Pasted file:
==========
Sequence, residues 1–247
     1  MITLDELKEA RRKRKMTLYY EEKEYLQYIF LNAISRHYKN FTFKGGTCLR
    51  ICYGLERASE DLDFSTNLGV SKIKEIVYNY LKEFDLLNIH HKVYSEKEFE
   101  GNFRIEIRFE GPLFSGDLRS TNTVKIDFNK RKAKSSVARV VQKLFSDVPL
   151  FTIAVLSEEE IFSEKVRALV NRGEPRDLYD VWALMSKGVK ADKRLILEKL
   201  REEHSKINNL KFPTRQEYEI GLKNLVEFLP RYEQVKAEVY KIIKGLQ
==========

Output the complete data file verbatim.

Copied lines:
Sequence, residues 1–247
     1  MITLDELKEA RRKRKMTLYY EEKEYLQYIF LNAISRHYKN FTFKGGTCLR
    51  ICYGLERASE DLDFSTNLGV SKIKEIVYNY LKEFDLLNIH HKVYSEKEFE
   101  GNFRIEIRFE GPLFSGDLRS TNTVKIDFNK RKAKSSVARV VQKLFSDVPL
   151  FTIAVLSEEE IFSEKVRALV NRGEPRDLYD VWALMSKGVK ADKRLILEKL
   201  REEHSKINNL KFPTRQEYEI GLKNLVEFLP RYEQVKAEVY KIIKGLQ